I’m currently reading Systems, Experts, and Computers: the Systems Approach in Management and Engineering, World War II and After. The book is really more of a collection of papers, each written by a different author. This post is about the second chapter, The Adoption of Operations Research in the United States During World War II, written by Erik Rau.
During World War II, the British and the Americans were actively investing in developing radar technology in support of the war effort, with applications such as radar-based air defense. It turned out that developing the technology itself wasn’t enough: the new tech had to be deployed and operated effectively in the field to actually serve its purpose. Operating these systems required coordination between machines, human operators, and the associated institutions.
The British sent out scientists and engineers into the field to study and improve how these new systems were used. To describe this type of work, the physicist Albert Rowe coined the term operational research (OR), to contrast it with developmental research.
After the surprise attack on Pearl Harbor, the U.S. Secretary of War tapped the British radar pioneer Robert Wattson-Watt to lead a study on the state of American air defense systems. In the report, Wattson-Watt describe U.S. air defense as “insufficient organization applied to technically inadequate equipment used in exceptionally difficult conditions“. The report suggested the adoption of the successful British technology and techniques, which included OR.
At this time, the organization responsible for developmental research into weapons systems was the Office of Scientific Research and Development (OSRD), headed by Vannevar Bush. While a research function like OR seemed like it should belong under OSRD, there was a problem: Bush didn’t want it there. He wanted to protect the scientific development work of his organization from political interference by the military, and so he sought to explicitly maintain a boundary between the scientists and engineers that were developing the technology, and the military that was operating it.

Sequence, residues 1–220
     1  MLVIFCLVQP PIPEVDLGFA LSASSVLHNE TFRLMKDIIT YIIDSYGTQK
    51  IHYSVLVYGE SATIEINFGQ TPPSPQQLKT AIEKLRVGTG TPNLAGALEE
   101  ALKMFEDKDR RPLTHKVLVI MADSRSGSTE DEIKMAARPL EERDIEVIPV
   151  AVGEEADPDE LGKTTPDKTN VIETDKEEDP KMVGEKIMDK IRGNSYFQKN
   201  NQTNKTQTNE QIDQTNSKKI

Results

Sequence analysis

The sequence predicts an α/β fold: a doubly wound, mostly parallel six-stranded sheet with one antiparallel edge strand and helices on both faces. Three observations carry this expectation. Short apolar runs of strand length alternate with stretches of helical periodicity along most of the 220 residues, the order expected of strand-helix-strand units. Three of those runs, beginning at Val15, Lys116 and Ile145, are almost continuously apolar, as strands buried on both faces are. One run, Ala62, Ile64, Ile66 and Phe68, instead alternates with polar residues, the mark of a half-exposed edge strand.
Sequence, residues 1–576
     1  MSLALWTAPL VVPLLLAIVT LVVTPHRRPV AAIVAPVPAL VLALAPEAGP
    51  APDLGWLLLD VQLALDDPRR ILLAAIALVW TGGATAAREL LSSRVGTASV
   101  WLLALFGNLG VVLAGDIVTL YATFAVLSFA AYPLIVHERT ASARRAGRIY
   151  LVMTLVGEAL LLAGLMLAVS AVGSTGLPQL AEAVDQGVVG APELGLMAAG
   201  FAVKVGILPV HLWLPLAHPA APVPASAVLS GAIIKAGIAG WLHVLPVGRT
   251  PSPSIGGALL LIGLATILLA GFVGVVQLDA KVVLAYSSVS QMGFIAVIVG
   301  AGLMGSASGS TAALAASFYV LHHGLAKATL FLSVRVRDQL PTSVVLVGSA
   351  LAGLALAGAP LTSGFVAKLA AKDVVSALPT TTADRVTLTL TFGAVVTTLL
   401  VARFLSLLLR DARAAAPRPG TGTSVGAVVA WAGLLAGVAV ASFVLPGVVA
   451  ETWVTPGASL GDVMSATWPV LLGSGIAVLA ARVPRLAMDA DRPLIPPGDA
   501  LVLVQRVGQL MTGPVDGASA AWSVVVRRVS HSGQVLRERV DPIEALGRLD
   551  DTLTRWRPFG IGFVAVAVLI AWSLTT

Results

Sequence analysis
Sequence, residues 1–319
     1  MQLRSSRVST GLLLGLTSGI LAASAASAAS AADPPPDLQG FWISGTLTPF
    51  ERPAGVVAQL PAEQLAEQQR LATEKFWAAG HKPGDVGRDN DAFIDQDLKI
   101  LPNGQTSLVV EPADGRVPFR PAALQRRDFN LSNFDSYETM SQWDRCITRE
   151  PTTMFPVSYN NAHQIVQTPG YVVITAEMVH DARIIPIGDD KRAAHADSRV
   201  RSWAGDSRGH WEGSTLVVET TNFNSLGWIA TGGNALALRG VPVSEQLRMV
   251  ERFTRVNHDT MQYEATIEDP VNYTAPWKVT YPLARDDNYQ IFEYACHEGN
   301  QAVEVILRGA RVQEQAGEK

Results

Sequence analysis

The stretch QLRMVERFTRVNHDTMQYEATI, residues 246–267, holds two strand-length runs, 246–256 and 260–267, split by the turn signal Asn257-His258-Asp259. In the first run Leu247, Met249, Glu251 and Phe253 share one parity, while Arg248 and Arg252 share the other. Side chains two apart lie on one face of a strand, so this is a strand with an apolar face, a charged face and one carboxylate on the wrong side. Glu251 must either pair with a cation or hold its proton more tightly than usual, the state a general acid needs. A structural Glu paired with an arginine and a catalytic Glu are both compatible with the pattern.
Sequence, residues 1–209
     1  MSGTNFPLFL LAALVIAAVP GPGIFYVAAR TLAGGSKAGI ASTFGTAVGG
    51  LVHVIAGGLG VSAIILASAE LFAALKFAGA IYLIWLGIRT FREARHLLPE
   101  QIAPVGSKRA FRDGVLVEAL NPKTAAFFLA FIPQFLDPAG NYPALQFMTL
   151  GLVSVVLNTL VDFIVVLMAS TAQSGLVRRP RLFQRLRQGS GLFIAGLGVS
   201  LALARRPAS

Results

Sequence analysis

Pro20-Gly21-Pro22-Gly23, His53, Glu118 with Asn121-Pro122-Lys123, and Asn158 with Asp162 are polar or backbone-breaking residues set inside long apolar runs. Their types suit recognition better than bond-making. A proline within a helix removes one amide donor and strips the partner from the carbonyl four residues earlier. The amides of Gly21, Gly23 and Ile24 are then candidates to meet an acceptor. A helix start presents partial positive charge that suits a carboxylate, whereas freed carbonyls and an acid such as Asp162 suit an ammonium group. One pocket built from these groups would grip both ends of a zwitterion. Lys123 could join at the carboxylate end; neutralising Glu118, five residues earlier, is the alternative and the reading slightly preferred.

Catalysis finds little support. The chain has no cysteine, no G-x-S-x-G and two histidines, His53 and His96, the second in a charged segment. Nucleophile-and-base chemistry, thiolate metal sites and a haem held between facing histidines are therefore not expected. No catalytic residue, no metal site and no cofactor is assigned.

[The National Defense Research Committee] is concerned with the development of equipment for military use, whereas these [OR] groups are concerned with the analysis of its performance, and the two points of view do not, I believe, often mix to advantage.Vannevar Bush, quoted on p69
In the end, the demand for OR was too great, and Bush relented, creating the Office of Field Service within the OSRD.
Two things struck me reading this chapter. The first was that operational research was a kind of proto-DevOps, a recognition of the need to create a cultural shift in how development and operations work related to each other, and the importance of feedback between the two groups. It was fascinating to see the resistance to it from Bush. He wasn’t opposed to OR itself, he was opposed to unwanted government influence, which drove his efforts to keep development and operations separate.
The second thing that struck me was this idea of OR being doing research on operations. I had always thought of OR as being about things like logistics, basically graph theory problems addressed by faculty who work in business schools instead of computer science departments. But, here, OR was sending researchers into the field to study how operations was done in order to help improve development and operations. This reminded me very much of the aims of the learning from incidents (LFI) movement.